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DC Dredging talks about CO2 reduction and dilemma’s on sustainability at sea

30-04-2018

DC Dredging talks about CO2 reduction and dilemma’s on sustainability at sea

Due to economic growth and a rising population, the demand for construction and infrastructure equally rises. These construction works require raw materials, such as sand and gravel, that are becoming more scarce on land. For this reason, more and more of the required raw materials are being sourced from the bottom of the sea. At the same time, offshore wind farms are being built at rapid speed to meet the demands for renewable power. This makes it more challenging to dig up the raw building materials from the sea, because the sea surfaces become crowded. DC Dreding, the Belgian dredging and sand extraction company, has the ambition to turn these dilemma’s into opportunities.

As a subsidiary company of the Belgian organization Groep De Cloedt, DC Dredging focuses on producing and offering raw construction materials such as sand, gravel and stone for the asphalt and concrete industry as well as railway construction and hydraulic engineering. A great number of raw materials that DC Dredging produces are being extracted from the sea. “We have five ships that extract sand and gravel from the sea. These raw materials are then transported to the main land”, says Dirk van Reijendam, who is hired by DC Dredging to further develop the organization. Van Reijendam is also responsible for the implementation of the CO2 Performance Ladder within the company.

“At DC Dredging, we noticed that we had less chance of being awarded a project in tenders where the CO2 Performance Ladder is being implemented as an award advantage. This triggered us to obtain a certificate.” The dredging company is momentarily working on obtaining its first certificate on the CO2 Performance Ladder at level 3. “Next to being awarded with projects and being able to register for various tenders, we realize that CO2 reduction is coupled with cost savings. That is why we expect the CO2 Performance Ladder to help us gain insights on the many possibilities to cut back carbon emissions resulting from our organization and projects.”

Dredging with less fuel

The fuel consumption of DC Dredging’s marine aggregate dredgers and ships result to the greatest number of carbon emissions. In order to save on fuel consumption and with it CO2 emissions, the dredger has developed a diesel electric aggregate dredger: the DC Orisant. This aggregate dredger is the first of its kind. The development of DC Orisant is made possible in collaboration with the Dutch firm Reimerswaal BV. “The diesel in this marine aggregate generates electricity which then drives the motors of the DC Orisant. Due to the generation of electricity, it requires less fuel than a marine aggregate dredger that solely runs on diesel”, Van Reijendam explains.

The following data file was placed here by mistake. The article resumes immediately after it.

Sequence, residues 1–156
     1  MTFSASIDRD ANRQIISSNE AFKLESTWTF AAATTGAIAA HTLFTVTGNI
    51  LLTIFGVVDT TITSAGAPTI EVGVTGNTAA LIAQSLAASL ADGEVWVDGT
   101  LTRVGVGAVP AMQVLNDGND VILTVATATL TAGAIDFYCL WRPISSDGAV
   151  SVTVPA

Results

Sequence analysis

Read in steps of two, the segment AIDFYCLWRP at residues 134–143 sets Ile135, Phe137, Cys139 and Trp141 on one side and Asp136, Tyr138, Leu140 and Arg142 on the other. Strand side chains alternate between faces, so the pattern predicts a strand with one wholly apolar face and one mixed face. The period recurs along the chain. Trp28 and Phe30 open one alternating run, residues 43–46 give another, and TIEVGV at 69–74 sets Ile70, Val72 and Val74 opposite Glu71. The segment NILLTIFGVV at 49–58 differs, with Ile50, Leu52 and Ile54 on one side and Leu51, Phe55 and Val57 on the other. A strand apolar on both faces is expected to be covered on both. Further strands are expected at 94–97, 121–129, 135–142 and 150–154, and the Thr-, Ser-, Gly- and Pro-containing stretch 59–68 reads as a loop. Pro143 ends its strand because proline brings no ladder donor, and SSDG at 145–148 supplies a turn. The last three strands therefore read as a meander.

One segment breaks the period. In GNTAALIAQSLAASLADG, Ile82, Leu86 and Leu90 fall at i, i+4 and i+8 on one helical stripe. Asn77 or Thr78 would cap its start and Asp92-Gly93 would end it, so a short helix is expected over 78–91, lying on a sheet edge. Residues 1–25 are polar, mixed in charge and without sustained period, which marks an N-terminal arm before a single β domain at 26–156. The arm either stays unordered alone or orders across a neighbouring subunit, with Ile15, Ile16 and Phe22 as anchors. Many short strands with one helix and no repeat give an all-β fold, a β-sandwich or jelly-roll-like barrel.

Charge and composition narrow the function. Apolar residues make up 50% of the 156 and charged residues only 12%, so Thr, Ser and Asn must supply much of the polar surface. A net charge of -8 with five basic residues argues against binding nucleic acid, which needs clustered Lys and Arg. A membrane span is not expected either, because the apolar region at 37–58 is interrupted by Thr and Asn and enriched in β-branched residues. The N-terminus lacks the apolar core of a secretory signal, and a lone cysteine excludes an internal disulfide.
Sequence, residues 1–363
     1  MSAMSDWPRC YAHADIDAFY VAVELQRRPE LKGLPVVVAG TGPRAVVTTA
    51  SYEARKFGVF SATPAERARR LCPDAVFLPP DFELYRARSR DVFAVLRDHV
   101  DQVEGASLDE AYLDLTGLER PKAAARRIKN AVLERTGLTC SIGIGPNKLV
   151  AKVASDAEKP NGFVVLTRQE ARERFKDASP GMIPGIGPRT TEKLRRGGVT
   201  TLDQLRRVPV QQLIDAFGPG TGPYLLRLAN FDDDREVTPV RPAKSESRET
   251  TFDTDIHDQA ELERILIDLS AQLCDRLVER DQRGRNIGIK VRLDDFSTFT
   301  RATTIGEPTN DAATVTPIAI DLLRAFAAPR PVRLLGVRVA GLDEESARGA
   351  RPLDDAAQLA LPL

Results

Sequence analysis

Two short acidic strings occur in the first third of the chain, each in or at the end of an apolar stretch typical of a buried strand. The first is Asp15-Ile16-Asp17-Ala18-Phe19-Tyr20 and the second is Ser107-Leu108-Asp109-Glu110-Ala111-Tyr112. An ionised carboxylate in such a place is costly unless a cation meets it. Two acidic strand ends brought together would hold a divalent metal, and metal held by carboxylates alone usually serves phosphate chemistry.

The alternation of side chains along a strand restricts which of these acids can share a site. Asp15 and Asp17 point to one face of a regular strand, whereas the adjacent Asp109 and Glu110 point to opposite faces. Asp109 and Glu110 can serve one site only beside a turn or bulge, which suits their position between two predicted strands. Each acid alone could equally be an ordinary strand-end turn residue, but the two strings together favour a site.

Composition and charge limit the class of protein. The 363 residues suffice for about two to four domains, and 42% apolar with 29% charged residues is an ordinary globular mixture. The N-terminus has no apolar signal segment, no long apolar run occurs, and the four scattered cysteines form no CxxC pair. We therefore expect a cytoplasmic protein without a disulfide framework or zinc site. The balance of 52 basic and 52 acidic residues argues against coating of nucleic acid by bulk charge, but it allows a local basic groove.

The marine aggregate dredger is provided with a power management system (PMS). This system ensures efficient consumption of power. “There are four generators and four electric motors on the ship. Depending on the power needed for the ship, the PMS will switch the generators on or off. By switching off one or two generators, there will be less fuel needed for the DC Orisant to sail compared to traditional marine aggregates. This enables us to save up on fuel consumption.”

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Next to the power management system, DC Dredging keeps track of the fuel consumption of its marine aggregates to sail efficiently. For this, the organization combines its sailing routes with insights on weather conditions and tides. “We strive to make the most of natural weather conditions to reduce the fuel consumption of our ships. If for example, there is an ebb current at sea, we will require less fuel, because we make use of the energy resulting from the current. This prevents us from wasting fuel.” Sustainable innovations such as the DC Orisant must contribute to the ambition of DC Dredging to cut back 5 percent of its carbon emissions in 2019 compared to 2017.

‘If there is no demand, there is no market’